Introduction to How to Locate Heirs and Beneficiaries

Introduction to How to Locate Heirs and BeneficiariesOnce appointed as the executor or administrator of an estate and given letters of administration, often the next task to be completed by the executor or administrator is one of the most complex tasks: identifying and locating the heirs and/or beneficiaries of the decedent. If this deceptively difficult task is not accomplished, it may be impossible for the executor/administrator to fulfill any of his or her other obligations. Even where the decedent has died testate or has created a trust, locating the heirs and beneficiaries can be a time-consuming task if the heirs and beneficiaries have moved away from the immediate area. Where the decedent died intestate, locating heirs is even more challenging. Thankfully, though, there are some steps executors/administrators can take to try and locate a decedent’s heirs and/or beneficiaries.  See the article from the Huffington post on finding heirs.

Steps to Locate Missing Heirs and Beneficiaries

To discover the identity and whereabouts of heirs and/or beneficiaries, the executor/administrator need not pay hundreds of dollars to private investigators (although this may be warranted in certain extreme cases). Instead, executors/administrators should begin their search with the following steps:

  • Ask the surviving family members, friends, and neighbors for help. Often the most obvious solution can yield surprising results. If the decedent has any living family members, friends, or neighbors, ask them to help you identify and locate any potential heirs or beneficiaries. The decedent’s siblings may be able to help you identify all of the decedent’s living heirs, or a neighbor may know of the whereabouts of an heir who lives far away but visited the decedent each year during the holidays. Do not pass up these obvious sources of information.
  • Review documents and records of the decedent. If the decedent’s family and friends are not able to tell you much, consider reviewing documents and mementos owned by the decedent. Photographs of the decedent’s family may help you identify heirs, as can a family Bible or other important, personal book that contains the decedent’s genealogy. These documents and sources may not help you locate a specific person, but they may be able to give you enough information to help you carry on with your search.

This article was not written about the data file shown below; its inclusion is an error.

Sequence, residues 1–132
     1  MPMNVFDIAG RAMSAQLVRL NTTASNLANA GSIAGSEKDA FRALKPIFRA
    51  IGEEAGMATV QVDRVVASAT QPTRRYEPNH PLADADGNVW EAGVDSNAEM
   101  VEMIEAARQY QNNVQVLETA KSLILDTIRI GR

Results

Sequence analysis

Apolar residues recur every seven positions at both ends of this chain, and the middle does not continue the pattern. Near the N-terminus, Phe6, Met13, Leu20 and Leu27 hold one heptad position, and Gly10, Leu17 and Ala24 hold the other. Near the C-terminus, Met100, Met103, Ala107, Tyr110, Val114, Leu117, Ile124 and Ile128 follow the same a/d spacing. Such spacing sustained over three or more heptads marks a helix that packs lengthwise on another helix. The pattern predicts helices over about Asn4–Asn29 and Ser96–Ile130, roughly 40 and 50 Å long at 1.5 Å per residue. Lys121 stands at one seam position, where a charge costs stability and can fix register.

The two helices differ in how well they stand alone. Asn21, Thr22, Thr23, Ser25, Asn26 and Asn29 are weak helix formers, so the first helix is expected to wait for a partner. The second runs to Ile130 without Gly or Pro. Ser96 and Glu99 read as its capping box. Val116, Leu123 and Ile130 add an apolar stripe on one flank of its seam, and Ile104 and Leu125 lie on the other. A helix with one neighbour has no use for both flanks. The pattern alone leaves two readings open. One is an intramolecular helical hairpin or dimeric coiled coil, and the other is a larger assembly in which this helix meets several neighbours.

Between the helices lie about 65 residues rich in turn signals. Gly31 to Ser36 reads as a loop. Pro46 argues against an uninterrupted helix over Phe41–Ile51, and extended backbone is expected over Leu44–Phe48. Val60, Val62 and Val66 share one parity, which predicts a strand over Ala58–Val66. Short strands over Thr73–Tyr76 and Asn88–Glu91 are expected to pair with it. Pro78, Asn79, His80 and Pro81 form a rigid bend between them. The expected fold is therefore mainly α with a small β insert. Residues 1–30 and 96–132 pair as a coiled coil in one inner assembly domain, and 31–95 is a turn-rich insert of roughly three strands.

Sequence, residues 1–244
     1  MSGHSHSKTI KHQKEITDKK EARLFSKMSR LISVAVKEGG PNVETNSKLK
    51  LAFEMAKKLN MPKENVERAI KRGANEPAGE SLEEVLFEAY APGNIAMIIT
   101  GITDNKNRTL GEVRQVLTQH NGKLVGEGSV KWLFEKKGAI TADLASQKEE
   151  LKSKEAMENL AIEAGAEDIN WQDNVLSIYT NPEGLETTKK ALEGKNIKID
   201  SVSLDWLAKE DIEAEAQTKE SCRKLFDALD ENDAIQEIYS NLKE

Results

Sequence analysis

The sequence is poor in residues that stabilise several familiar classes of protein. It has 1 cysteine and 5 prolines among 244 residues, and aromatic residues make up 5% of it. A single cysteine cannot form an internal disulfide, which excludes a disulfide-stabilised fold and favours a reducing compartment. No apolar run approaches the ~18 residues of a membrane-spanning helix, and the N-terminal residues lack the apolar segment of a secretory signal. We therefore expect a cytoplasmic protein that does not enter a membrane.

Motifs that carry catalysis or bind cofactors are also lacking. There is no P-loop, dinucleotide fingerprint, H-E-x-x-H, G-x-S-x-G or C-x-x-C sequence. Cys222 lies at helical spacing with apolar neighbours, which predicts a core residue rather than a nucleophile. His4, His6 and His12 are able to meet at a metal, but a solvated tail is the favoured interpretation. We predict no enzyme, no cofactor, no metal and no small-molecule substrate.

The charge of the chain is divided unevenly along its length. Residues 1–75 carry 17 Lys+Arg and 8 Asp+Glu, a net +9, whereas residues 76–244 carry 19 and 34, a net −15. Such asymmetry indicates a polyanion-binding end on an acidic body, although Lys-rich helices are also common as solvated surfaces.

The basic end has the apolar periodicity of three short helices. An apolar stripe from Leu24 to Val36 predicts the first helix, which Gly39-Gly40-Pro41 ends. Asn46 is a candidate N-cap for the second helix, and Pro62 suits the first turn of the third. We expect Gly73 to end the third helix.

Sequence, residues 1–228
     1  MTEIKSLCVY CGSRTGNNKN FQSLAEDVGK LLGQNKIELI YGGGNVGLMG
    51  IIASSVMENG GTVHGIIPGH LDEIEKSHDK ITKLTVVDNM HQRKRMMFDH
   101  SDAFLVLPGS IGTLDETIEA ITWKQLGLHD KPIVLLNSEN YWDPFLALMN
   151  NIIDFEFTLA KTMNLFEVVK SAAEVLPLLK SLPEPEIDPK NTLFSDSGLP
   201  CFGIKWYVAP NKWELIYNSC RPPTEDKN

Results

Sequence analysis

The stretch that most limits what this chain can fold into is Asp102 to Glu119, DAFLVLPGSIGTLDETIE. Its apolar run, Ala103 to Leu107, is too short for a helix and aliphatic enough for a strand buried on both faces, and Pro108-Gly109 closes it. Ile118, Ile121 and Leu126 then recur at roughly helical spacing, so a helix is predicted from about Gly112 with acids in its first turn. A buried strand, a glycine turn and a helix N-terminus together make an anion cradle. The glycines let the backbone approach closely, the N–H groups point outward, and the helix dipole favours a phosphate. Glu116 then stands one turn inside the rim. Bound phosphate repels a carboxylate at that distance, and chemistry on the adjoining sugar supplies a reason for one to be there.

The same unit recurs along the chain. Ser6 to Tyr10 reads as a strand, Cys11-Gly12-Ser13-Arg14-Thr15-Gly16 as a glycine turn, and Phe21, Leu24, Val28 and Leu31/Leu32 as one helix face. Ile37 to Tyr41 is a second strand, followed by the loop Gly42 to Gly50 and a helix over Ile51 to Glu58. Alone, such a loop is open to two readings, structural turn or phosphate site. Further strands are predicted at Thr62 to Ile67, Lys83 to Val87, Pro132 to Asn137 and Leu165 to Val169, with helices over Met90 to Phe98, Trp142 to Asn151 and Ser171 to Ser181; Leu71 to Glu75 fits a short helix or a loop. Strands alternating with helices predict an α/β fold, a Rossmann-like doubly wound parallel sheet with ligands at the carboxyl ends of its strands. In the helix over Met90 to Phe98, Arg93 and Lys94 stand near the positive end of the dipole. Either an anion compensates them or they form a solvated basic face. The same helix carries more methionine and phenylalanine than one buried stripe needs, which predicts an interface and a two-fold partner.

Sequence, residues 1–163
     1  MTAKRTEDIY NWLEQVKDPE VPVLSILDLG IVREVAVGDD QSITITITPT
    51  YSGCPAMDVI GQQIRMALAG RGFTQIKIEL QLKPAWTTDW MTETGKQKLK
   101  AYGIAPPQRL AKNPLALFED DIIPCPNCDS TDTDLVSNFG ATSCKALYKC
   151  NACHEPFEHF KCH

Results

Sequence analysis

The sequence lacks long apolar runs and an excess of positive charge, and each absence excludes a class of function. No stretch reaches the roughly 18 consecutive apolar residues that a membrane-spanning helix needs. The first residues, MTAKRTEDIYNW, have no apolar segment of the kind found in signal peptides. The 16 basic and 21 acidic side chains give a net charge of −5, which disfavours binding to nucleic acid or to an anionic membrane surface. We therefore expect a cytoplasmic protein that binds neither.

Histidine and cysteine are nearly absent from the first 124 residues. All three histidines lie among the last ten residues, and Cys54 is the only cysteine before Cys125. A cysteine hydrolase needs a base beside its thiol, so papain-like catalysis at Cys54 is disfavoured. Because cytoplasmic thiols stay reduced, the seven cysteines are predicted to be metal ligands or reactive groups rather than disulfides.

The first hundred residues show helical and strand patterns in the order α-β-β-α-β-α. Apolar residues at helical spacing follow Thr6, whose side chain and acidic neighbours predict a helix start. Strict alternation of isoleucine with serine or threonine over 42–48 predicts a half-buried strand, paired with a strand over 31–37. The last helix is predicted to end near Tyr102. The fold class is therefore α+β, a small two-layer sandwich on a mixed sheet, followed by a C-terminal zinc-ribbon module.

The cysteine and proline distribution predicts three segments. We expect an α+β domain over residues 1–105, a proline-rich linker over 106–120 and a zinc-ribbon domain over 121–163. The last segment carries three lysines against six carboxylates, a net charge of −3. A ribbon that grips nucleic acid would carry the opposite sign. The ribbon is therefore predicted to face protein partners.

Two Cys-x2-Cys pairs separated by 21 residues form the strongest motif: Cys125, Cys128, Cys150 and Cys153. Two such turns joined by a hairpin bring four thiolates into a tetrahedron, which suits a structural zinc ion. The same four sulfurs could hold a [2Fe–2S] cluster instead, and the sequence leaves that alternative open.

• Consult official birth, death, and marriage records. If you have the name and birth date of an heir, you may be able to consult your state’s office of vital statistics to learn if that heir has died, has been married, and/or has been divorced. Depending on your state’s specific laws, you may need to produce the testamentary letters you received from the court when you were appointed as executor/administrator. Using these records can not only help you locate potential whereabouts of heirs, but it can also help narrow the scope of your efforts by keeping you from needlessly searching for an heir that has passed away.
  • Publish a legal notice in one or more newspapers. As a last resort, you may obtain permission from the court to publish a notice in one or more local newspapers asking for any heirs to identify themselves to you. To achieve the maximum benefit from this approach, you may need to publish notices not only in the paper local to the place where the decedent died but also the area(s) where you have reason to believe an heir may reside.

You Must Make Reasonable Efforts to Locate Heirs and Beneficiaries

As an executor/administrator, you must take all reasonable measures available to you to locate the decedent’s heirs and/or beneficiaries. While these steps are no guarantee that all of the decedent’s heirs and/or beneficiaries will be located, they are reasonable and simple steps that can help you fulfill your legal responsibilities.